If you’ve never been to a boat show, this is the season to check one out – especially if you are in the market for new watercraft. Boat shows happen all across the country throughout late winter and early spring. Multiple dealers, brokers, and manufacturers rent space under one roof, where you can browse the latest innovations in the boating industry. Often, dealers are ready to make a sale right on the spot; some boat shows even offer in-house financing through local banks and lenders. Before you buy your tickets, though, arm yourself with the knowledge you need to ask the right questions and find the boat that fits your needs.
Types of Boats
The options when boat shopping are seemingly endless – so much so that we cannot fit all of the different types of boats sold in the U.S. into a single post. What we can cover are some of the most popular types of boats and the features that make them more practical for specific purposes.
Runabouts – The most frequently purchased boat in the U.S. due to its versatility; usually between 18 and 26 feet long with seating for 6-10 people and either an outboard or an inboard/outboard engine.
Bass Boats – The choice of many fishermen due to its angler seats and live wells; usually has a quiet trolling outboard engine for stealth; capable of entering shallow waters
Sailboats – can be as long as 50 feet or more; uses sails to capture the wind and navigate the vessel; requires great skill to achieve desired speed and direction
Pontoon Boats – platform style boat that floats on aluminum pontoons, usually carries between 10 and 20 passengers using outboard or inboard/outboard engines that propel the boat up to 30mph.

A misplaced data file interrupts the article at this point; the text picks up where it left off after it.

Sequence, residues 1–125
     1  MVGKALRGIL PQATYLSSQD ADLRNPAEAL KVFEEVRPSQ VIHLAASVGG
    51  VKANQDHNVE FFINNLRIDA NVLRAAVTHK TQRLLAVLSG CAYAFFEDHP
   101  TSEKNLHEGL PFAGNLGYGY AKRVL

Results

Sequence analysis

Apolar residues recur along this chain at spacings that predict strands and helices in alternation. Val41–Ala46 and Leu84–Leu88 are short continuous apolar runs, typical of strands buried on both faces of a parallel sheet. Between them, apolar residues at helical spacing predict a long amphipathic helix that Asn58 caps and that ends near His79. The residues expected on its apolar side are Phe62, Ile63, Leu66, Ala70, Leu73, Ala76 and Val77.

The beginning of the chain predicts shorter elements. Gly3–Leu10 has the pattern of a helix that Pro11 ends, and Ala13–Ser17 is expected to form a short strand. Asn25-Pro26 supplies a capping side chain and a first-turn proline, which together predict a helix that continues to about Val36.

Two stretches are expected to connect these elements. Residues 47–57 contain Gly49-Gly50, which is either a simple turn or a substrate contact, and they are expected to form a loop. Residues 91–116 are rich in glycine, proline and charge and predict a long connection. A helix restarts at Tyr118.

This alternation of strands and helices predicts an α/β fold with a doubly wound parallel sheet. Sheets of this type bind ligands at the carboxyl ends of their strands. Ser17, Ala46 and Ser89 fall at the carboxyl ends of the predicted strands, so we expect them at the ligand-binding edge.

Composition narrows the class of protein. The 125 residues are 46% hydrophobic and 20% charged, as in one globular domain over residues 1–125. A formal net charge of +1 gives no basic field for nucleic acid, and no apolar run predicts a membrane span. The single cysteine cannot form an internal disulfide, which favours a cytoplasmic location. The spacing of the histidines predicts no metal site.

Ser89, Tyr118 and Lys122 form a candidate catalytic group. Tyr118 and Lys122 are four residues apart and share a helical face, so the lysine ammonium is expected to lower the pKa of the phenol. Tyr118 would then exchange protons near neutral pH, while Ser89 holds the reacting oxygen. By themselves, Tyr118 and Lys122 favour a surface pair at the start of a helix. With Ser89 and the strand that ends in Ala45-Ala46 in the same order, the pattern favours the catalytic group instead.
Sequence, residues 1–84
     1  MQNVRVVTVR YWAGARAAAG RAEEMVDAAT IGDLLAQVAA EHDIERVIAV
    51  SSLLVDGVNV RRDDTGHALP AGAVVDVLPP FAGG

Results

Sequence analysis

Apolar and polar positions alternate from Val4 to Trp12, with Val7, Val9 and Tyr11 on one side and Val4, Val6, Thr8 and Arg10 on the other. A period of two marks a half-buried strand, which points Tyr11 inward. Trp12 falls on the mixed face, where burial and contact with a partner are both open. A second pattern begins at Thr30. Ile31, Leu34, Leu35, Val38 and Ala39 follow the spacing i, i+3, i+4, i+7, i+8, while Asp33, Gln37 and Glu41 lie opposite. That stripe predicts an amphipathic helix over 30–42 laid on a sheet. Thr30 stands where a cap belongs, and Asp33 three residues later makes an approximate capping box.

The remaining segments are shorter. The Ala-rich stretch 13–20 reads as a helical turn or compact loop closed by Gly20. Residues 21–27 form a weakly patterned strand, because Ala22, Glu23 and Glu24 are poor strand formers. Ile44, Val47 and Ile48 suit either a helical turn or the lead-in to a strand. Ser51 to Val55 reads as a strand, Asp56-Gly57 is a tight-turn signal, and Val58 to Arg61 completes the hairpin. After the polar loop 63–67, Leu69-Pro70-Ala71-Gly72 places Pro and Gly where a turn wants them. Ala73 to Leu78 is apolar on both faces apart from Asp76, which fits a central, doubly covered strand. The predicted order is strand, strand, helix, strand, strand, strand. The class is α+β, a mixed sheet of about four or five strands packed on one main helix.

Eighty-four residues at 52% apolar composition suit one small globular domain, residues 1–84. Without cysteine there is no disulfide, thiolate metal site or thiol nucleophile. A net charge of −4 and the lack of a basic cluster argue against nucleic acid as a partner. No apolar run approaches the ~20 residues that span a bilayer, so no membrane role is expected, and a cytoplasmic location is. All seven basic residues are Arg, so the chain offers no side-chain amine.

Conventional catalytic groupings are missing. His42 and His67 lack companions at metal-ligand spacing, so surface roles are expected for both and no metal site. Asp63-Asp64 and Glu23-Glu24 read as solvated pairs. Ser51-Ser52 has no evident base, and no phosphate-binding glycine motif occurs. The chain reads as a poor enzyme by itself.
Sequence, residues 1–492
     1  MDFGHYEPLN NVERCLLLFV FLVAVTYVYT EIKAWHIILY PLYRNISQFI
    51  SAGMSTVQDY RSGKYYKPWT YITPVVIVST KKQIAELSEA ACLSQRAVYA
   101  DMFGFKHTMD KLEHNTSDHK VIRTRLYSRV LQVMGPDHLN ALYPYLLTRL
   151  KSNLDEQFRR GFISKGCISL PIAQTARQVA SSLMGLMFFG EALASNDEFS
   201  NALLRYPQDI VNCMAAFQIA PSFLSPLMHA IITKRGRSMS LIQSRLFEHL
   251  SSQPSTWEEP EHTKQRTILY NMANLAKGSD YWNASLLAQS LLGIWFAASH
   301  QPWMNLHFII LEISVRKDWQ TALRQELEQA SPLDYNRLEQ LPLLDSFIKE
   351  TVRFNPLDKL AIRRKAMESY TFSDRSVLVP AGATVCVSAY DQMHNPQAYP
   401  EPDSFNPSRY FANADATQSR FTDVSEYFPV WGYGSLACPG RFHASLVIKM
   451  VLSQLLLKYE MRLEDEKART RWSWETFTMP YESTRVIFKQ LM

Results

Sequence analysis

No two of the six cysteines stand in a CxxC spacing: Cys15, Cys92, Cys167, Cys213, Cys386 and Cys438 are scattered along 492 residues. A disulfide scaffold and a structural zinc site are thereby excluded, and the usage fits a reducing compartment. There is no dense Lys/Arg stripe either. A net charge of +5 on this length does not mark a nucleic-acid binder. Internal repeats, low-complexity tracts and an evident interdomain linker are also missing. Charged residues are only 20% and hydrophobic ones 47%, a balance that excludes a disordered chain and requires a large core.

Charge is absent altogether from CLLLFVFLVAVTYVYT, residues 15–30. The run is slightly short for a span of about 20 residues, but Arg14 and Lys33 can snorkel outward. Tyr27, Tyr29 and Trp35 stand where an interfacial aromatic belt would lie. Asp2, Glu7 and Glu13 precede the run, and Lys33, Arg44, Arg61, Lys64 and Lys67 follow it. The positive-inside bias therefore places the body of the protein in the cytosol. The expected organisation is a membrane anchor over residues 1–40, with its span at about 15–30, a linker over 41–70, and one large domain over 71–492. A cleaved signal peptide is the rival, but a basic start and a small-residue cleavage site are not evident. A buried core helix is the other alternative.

Personal Watercraft – individual watercraft designed to seat 1-3 people; strong maneuverability and capable of high speeds
Ski Boats – high-powered boats designed for rapid acceleration; often equipped with towing towers for aerial maneuvers
Once you have a relative idea of the type of boat you want, there are several other factors to consider before making a purchase. These include:
Consider how much you want to spend on your boat – both now and in the future. New boats may come at a higher price point than used boats, but they also tend to come with manufacturer warranties, greater reliability, and the ability to customize your watercraft. When you purchase a used boat, there is no way to know the history of the boat or any hidden problems with the structure or mechanics. It’s possible to negate all of your price savings by sinking money into repairs and upgrades.
Tip: If you plan to finance your watercraft, consider shopping around for a loan before you go to the boat show. It may be possible to secure more favorable terms than if you apply for financing at the point of sale.
Boats of the same type can vary widely in size. In this case, bigger does not necessarily mean better – that is, unless, you need capacity for several passengers during each outing. If you can settle for a smaller boat, you could enjoy lower fuel costs, easier maneuverability, and easier transport. Small boats are also more likely to fit in your garage, meaning you will not need to rent a boat slip or boat storage unit for your watercraft.
Don’t Forget Boat Insurance
Lastly, don’t forget to ask your independent agent about boat insurance. Unlike homeowners insurance, which does not cover most large or motorized boats, a boat insurance policy can provide complete protection against liability, physical damages and more. It can even take care of damages to your boat when it is stored away for winter.
For more information about boat insurance or to request your free quote, contact Wolfgram Insurance today.